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A cohort study of women with a Fontan circulation undergoing preconception counselling
  1. Matthew Cauldwell1,
  2. Kate Von Klemperer2,
  3. Anselm Uebing2,
  4. Lorna Swan2,
  5. Philip J Steer1,
  6. Sonya V Babu-Narayan2,
  7. Michael A Gatzoulis2,
  8. Mark R Johnson1
  1. 1Academic Department of Obstetrics and Gynaecology, Imperial College London, Chelsea and Westminster Hospital, London, UK
  2. 2Adult Congenital Heart Centre, The National Heart and Lung Institute, Imperial College London, Royal Brompton Hospital, London, UK
  1. Correspondence to Professor Mark R Johnson, Academic Department of Obstetrics and Gynaecology, Imperial College London, Chelsea and Westminster Hospital, 369 Fulham Road, London SW10 9NH, UK. Mark.johnson{at}


Objective To describe outcomes for women with a Fontan circulation attending preconception counselling (PCC). Exploring (1) impact of counselling on decision to become pregnant; (2) pregnancy rates in those opting for pregnancy and (3) short-term and long-term outcome of those who succeeded in becoming pregnant.

Methods Retrospective review of women aged 16–45 years with a Fontan circulation from 1994 to 2014.

Results 58 women were offered PCC, 3 declined and 55 received PCC. Following PCC, 15 opted against conception, 16 decided to delay pregnancy, 19 attempted pregnancy and 5 were lost to follow-up. Of the 19 women, 14 succeeded, becoming pregnant a total of 43 times (median 1, range 1–9). Of these, 6 miscarried all pregnancies. 8 carried 14 pregnancies to viability. Baseline hypoxaemia and cardiac disease in pregnancy (CARPREG) score was similar in those opting for and against pregnancy, but CARPREG score was better in those delaying conception. Women exclusively miscarrying or unable to conceive were more likely to have baseline hypoxaemia and greater CARPREG score. Cardiac complications included arrhythmia requiring treatment (n=4) and one thromboembolism. Obstetric complications were greater in women with a Fontan circulation, 10 preterm births (<37 weeks) and 8 small for gestational age babies (<10th centile). There was one neonatal death. At follow-up, there was no deterioration in clinical status as determined by echo.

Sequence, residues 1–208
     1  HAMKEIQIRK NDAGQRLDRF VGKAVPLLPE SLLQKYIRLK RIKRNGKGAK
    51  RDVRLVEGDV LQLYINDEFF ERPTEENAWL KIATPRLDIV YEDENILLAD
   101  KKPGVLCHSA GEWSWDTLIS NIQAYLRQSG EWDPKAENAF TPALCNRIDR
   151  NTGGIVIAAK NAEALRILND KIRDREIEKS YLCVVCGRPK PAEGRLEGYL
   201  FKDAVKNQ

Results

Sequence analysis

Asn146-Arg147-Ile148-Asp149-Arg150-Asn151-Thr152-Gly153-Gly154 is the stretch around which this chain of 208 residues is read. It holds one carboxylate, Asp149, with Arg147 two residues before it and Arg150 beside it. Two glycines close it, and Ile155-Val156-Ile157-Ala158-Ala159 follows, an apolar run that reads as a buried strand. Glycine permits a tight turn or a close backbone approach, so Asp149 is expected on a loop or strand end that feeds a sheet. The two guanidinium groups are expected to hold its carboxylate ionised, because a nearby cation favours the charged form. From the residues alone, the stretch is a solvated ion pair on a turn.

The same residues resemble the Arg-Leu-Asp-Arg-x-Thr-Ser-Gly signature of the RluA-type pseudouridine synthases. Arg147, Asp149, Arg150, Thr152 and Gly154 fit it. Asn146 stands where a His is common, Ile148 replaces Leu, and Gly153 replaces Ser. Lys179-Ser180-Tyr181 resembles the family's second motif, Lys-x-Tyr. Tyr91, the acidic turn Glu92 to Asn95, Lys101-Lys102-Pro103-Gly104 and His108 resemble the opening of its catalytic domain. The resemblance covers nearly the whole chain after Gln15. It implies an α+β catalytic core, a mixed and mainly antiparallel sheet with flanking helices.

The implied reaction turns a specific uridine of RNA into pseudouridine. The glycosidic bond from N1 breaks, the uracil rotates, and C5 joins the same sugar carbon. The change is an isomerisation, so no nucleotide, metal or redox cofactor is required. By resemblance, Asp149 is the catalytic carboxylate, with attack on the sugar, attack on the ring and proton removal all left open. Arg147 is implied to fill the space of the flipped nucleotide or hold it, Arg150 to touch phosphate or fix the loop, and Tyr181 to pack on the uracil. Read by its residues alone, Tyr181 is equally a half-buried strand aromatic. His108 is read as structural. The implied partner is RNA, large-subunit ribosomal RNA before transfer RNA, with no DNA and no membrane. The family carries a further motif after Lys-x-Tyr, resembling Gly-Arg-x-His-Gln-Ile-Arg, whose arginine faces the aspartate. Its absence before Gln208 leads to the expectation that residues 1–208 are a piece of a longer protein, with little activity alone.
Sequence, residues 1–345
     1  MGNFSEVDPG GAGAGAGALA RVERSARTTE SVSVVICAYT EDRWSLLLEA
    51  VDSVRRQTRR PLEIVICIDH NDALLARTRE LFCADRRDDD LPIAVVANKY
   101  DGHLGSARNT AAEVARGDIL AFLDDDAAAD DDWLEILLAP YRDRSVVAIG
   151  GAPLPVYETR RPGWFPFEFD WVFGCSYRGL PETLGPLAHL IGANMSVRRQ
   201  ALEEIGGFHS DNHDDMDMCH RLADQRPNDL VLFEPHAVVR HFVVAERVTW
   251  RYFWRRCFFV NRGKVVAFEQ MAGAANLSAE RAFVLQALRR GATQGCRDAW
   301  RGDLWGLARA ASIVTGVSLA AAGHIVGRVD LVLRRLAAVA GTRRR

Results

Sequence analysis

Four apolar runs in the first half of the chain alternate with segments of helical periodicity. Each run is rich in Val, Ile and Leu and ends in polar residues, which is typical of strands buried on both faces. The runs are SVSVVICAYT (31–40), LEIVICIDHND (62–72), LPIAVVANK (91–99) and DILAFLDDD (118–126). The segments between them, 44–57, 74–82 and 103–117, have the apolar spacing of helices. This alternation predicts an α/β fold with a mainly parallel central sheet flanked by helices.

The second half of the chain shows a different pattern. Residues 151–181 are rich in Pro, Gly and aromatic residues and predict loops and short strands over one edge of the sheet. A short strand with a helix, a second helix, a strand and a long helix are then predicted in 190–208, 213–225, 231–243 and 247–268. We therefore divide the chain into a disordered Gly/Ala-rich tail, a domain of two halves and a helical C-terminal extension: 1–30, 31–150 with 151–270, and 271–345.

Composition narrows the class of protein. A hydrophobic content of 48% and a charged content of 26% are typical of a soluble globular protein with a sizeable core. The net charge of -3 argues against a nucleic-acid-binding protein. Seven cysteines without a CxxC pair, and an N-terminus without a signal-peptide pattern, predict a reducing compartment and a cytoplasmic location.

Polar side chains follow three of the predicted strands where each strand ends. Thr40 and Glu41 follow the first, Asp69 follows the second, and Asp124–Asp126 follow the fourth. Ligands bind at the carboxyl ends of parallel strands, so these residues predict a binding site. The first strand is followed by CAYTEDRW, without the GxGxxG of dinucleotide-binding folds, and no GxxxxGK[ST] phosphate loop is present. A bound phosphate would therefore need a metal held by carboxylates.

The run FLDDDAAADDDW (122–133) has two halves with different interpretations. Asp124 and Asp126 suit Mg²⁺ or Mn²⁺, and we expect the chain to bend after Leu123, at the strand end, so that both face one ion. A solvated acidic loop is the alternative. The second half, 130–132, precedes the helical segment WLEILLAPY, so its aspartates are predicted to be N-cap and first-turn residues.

Conclusions Most women accept PCC and decided to pursue pregnancy; in some cases, this was despite being advised of a poor prognosis. Pregnancy outcome was related to baseline hypoxia and CARPREG scores.

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